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I need to clear a basic concept. This code works fine. Can somebody explain me that if the function calDouble already returning the address (reference) of int why I need to use & operator further in main int *j = &calDouble(i); to get the address (reference) of int? Thanks.

int& calDouble(int x)
{
    x = x*2;
    return x;

}

int main(int argc, char *argv[])
{
    int i = 99;
    int *j = &calDouble(i);

    system("PAUSE");
    return EXIT_SUCCESS;
}
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1  
What does "works fine" mean? –  jxh Jul 7 '12 at 6:31
    
You should probably change int& calDouble(int x) to int& calDouble(int& x) so that you're not returning a dangling reference to x. –  anthropomorphic Jul 7 '12 at 6:37
    
Actually, your code doesn't work. You can't treat the same parameter as a value, and then return it as a reference. I think your question is fine. But I also think it illustrates just what a horrible language C++ is - the perverse mistakes it lets you make - without even giving you an inkling there's a problem. Multiply one short, apparently simple example like this by all the millions (billions?) of lines of (potentially buggy) C++ code inflicted on an unsuspecting world... –  paulsm4 Jul 7 '12 at 6:40
    
"works fine" I mean it compiled without error. –  developer Jul 7 '12 at 6:49
    
@developer: Then, you have a faulty compiler, because mine warned about returning a reference to a local variable. –  jxh Jul 7 '12 at 6:50

2 Answers 2

up vote 3 down vote accepted

int& calDouble(int x) doesn't return an address, but a reference to an int.

You need to take the address of the reference to be able to assign it to a pointer.

Note however that your code invokes undefined behavior. Because you pass the parameter by value, a copy of it is created inside the function. So you return a local variable by reference, which is not legal.

I think your confusion comes from &. This can be used in two ways:

  • applied to a variable &x, it takes its address
  • when in a declaration int& x, it defines a reference

A reference is just an alias, a different name for a variable.

int x = 0;
int& y = x;

Now, x and y refer to the same variable.

int* z = &x;

takes the address of x.

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What is the difference between the address and reference. I guess this is where I'm confused. –  developer Jul 7 '12 at 6:46
    
@developer see edited answer. –  Luchian Grigore Jul 7 '12 at 6:49
    
@developer - Here's a good tutorial on C++ "references": cprogramming.com/tutorial/references.html. C has an "addressof" operator ("&"), but only C++ has "references". –  paulsm4 Jul 7 '12 at 6:55
    
@Luchain Grigore: Excellent explanation in your edited answer. You are right that I'm confused with the & operator which is behaving in 2 different ways. So here the function "int& calDouble(int &x)" is returning a reference of x like any other reference variable and not the value. And reference variable is just an alias of a variable. What exactly does it contain in it : a memory address of the variable it refers to? –  developer Jul 7 '12 at 7:41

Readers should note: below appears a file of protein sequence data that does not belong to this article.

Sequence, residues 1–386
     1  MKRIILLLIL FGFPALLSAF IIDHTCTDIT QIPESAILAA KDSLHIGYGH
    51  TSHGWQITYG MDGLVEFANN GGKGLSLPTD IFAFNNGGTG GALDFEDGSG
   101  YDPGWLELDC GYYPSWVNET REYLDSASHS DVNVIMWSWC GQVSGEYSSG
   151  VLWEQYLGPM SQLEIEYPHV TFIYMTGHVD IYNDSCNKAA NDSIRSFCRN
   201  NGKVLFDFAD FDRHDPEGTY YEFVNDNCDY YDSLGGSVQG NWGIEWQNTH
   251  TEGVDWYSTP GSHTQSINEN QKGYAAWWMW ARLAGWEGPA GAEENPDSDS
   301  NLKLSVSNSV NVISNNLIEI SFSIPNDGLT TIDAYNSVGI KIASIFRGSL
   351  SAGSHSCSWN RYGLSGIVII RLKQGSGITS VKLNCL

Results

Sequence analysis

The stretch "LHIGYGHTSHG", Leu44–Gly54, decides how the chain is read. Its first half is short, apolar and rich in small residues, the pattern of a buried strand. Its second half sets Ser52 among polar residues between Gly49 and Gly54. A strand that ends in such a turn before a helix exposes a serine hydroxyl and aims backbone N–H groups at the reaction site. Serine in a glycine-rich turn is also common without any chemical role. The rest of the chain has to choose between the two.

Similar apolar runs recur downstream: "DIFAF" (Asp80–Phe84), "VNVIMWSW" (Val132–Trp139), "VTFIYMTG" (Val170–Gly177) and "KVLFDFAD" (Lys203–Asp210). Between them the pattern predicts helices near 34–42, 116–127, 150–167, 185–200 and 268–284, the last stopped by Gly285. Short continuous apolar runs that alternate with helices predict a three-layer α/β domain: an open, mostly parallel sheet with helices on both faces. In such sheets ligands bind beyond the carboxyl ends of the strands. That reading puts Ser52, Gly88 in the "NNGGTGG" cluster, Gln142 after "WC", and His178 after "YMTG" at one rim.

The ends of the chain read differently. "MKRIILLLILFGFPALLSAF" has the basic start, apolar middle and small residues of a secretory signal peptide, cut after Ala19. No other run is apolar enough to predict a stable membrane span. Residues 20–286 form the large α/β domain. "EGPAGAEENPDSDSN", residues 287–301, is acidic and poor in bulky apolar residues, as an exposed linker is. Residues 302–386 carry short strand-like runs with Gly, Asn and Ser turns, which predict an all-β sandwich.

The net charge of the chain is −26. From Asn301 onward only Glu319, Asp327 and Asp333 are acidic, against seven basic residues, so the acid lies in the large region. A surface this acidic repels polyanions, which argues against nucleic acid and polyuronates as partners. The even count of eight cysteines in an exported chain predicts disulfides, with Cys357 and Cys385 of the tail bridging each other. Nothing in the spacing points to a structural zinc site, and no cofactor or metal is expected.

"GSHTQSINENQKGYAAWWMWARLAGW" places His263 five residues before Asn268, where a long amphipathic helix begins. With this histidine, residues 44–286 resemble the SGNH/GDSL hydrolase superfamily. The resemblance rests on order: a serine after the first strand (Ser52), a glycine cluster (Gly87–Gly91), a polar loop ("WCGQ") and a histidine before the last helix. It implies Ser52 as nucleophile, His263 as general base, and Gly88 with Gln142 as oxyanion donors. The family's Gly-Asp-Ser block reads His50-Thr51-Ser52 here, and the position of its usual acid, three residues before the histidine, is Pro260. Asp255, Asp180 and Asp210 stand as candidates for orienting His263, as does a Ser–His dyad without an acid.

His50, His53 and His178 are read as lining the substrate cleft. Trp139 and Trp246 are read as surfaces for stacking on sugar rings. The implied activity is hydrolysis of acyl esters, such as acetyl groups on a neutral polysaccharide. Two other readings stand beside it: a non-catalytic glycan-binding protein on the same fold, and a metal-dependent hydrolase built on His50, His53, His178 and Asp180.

1  
@developer It's implementation defined. But you should think of it as an alias. A nickname. Everywhere you write y, you should think x. :) –  Luchian Grigore Jul 7 '12 at 7:42

int& is a reference type. It is not the address.

To see what &calDouble(i) does, consider if we had broken it into two statements:

int& x = calDouble(i);
... = &x;

The calDouble() function returns a reference type, and the prepended & then takes the address-of whatever was returned. So the type is now int*, which is why that line compiles.

However, your program exhibits undefined behavior! The x in calDouble() goes away once the function ends. The value that was originally there may still be in memory, which is why your program "works". But this is not reliable in production code, and one day your perfectly working test program may blow-up the moment it's deployed.

It's generally a bad idea to return a reference to a local variable for this vary reason. (You'll see class methods return references to member data, which is fine as long as the object is still in scope since those variables will still exist.) Just return a regular int and get on with life. An optimizing compiler can do some return value optimization if you're really worried about performance when returning large objects.

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I know it is bad idea returning a refence of a local variable... I was not concerned abou it right now... my main focus is regarding reference type and address. What's the difference between these two. –  developer Jul 7 '12 at 6:52
1  
@developer - See my link above. –  paulsm4 Jul 7 '12 at 6:56
    
Thanks a lot for your explaination. It did help me too. –  developer Jul 7 '12 at 7:46

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